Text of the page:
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PLOS Pathogens Editors-in-Chief

Biography for Kasturi Haldar

Kasturi Haldar, the Julius Nieuwland Professor of Biology and Parsons-Quinn Director for the Center for Rare and Neglected Diseases at the University of Notre Dame is an authority on the mechanisms by which human malaria parasites remodel their host cells. Her laboratory pioneered the application of modern cell biological tools to studying malarial infection of the erythrocyte. They identified a novel transport signal that enables parasite protein to access the host erythrocyte and thus defined secretome of several hundred parasite effectors involved in virulence and structural remodeling of the host. Other major achievements include the identification of the pathway of parasite protein export to the erythrocyte and demonstration that the host targeting signal of malaria parasites is shared by the Irish potato famine pathogen Phytophthora infestans.

The Haldar lab also identified novel malarial Golgi dynamics that underlie a lipid rich, nutrient import pathway in infected erythrocytes and enable transport of cholesterol-rich host 'raft' complexes, essential nutrient solutes and lipids to the malarial vacuole. They have further established that the sterol biosynthetic pathway and cholesterol are important to intracellular infection by Salmonella.

In addition, Haldar and her colleagues have shown that adrenergic signaling is an active process in erythrocyte and required for malaria invasion and growth. They have established erythrocyte signaling pathways can be targets for malarial infection and may be important for treatment of malaria.

Education

  • B.Sc., Bryn Mawr College
  • Ph.D., Biochemistry, Massachusetts Institute of Technology
  • Postdoctoral Fellow, Rockefeller University

Awards and Honors

  • Elected Fellow, American Academy of Microbiology
  • Elected Fellow, American Academy for the Advancement of Science
  • Burroughs Wellcome Fund, New Investigator Award and New Initiatives in Malaria Award

Selected Publications

  • Haldar K, Hiller NL, van Ooij C, Bhattacharjee S. Plasmodium parasite proteins and the infected erythrocyte. Review. Trends Parasitol 21:402-3, 2005
  • Bhattacharjee S, Hiller NL, Liolios K, Win J, Kanneganti TD, Young C, Kamoun S, Haldar K. The malarial host-targeting signal is conserved in the Irish potato famine pathogen. PLOS Pathog. 2:e50, 2006
  • Murphy SC, Hiller NL, Harrison T, Lomasney JW, Mohandas N, Haldar K. Lipid rafts and malaria parasite infection of erythrocytes. Mol Membr Biol. 23:81-8, 2006
  • Chaudhari A, Fialho AM, Ratner D, Gupta P, Hong CS, Kahali S, Yamada T, Haldar K, Murphy S, Cho W, Chauhan VS, Das Gupta TK, Chakrabarty AM. Azurin, Plasmodium falciparum malaria and HIV/AIDS: inhibition of parasitic and viral growth by Azurin. Cell Cycle. 5:1642-8, 2006
  • Haldar K, Kamoun S, Hiller NL, Bhattacharje S, van Ooij C. Common infection strategies of pathogenic eukaryotes. Nat Rev Microbiol. 4:922-931, 2006

Biography for Grant McFadden

Grant McFadden is currently a Professor in the Department of Molecular Genetics and Microbiology at the University of Florida, College of Medicine. For the past 30 years, his lab has been investigating how viruses, particularly poxviruses, evade the immune system.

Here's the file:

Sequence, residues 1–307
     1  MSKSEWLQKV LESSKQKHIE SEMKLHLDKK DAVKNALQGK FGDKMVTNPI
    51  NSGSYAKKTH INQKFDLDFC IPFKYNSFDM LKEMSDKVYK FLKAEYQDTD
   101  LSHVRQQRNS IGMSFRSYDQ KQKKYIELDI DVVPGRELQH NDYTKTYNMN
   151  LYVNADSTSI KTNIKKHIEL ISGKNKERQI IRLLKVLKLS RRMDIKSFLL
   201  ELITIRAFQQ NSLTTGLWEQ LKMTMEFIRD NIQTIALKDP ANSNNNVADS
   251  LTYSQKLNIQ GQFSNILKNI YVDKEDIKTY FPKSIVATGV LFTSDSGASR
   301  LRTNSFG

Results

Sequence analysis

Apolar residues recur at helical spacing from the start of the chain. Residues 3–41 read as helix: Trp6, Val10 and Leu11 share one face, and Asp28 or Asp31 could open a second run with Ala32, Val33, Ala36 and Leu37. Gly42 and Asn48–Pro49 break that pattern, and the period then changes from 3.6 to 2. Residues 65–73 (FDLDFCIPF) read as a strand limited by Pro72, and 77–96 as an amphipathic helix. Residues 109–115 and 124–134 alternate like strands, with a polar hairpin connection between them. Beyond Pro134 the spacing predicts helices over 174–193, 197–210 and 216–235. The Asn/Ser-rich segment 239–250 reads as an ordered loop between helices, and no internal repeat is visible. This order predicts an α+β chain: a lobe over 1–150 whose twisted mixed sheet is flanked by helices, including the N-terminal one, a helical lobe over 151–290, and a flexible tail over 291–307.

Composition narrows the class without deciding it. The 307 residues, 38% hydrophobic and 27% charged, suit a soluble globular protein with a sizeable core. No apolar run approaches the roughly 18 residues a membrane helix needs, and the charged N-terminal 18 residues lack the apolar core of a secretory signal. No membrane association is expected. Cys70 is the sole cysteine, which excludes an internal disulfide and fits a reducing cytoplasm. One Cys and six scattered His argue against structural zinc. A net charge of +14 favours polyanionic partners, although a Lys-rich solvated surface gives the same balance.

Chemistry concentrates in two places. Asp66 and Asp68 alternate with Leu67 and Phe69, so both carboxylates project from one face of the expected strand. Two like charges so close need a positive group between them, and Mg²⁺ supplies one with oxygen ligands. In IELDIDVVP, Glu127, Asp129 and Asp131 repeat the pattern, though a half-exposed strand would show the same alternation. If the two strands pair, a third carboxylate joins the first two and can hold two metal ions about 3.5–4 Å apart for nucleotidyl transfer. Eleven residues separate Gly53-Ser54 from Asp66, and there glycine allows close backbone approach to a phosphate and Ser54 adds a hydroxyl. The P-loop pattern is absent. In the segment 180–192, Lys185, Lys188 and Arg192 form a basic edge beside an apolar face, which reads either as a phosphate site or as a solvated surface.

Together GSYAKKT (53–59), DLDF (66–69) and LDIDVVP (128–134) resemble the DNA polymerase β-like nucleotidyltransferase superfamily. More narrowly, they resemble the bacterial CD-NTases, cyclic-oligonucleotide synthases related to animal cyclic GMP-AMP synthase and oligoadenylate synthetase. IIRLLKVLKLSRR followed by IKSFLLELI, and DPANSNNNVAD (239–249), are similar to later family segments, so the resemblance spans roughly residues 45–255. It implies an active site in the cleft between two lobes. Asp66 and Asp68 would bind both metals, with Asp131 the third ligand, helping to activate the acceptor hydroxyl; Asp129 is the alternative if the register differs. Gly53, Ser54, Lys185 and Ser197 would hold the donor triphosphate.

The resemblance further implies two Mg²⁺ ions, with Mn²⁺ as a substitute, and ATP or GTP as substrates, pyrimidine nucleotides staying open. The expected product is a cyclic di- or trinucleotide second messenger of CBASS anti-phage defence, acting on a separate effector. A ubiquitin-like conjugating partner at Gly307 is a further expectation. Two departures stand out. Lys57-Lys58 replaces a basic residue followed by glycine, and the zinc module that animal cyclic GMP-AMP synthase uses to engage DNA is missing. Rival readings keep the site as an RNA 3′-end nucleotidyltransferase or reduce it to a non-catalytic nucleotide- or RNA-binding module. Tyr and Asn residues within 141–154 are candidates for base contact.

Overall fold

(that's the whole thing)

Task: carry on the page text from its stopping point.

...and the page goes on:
The McFadden lab currently studies poxvirus host range genes that are critical determinants of cellular tropism and also to investigate the inhibition of cellular inflammasomes and NFkB signaling by poxviruses. His lab has pioneered the field of viral immunomodulation, and is credited with the discovery of a wide variety of viral inhibitors of the immune system. These include virus-encoded modulators of extracellular pathways, cell surface molecules, and intracellular pathways. McFadden co-coined the term “anti-immunology” to describe this growing field of research. McFadden is a member of the WHO research oversight Committee on Variola Virus research and is often consulted internationally about issues related to bioterrorism and biosecurity. McFadden is a co-founder of Viron Therapeutics, Inc. to develop the use of viral proteins for therapeutic purposes against systemic inflammatory diseases.

Before becoming joint Editor-in-Chief for PLOS Pathogens in 2013, McFadden served as the Deputy Editor-in-Chief starting in 2007. He is also a senior Editor for Journal of Virology, and he serves on the Editorial Boards of a variety of other scholarly journals in the area of virology and immunology.

Education

  • B.Sc., Biochemistry, McGill University
  • Ph.D., Biochemistry, McGill University
  • Sabbatical Research, Harvard Medical School

Awards and Honors

  • Elected Fellow, American Academy of Microbiology
  • Elected Fellow, Royal Society of Canada
  • Howard Hughes Medical Institute International Scholarship

Selected Publications

  • Finlay B and McFadden G. Anti-immunology: Evasion of the host immune system by bacterial and viral pathogens. Cell 124:767-782 (2006).
  • Rahman, MM, Mohamed, MR, Kim, M, Smallwood, S, McFadden, G. Co-regulation of NF-κB and inflammasome-mediated inflammatory responses by Myxoma virus pyrin domain-containing protein M013. PLoS Pathogens 5(10): e1000635 (2009).
  • McFadden, G. Killing a Killer: What next for Smallpox? PLoS Pathogens 6(1):e1000727 (2010).
  • Rahman, M and McFadden, G. Modulation of NF-κB signaling by microbial pathogens. Nat. Rev. Micro. 9: 291-306 (2011).
  • Chan, WM, Rahman, MM and McFadden G. Oncolytic Myxoma Virus: The path to clinic. Vaccine 33: 4252-4258 (2013).
  • Rahman, MM, Liu, J, Chan, W, Rothenberg, S and McFadden, G. Myxoma virus protein M029 is a dual function immunomodulator that inhibits PKR and also conscripts RHA/DHX9 to promote expanded host tropism and viral replication. PLoS Pathogens 9:7 e1003465 (2013).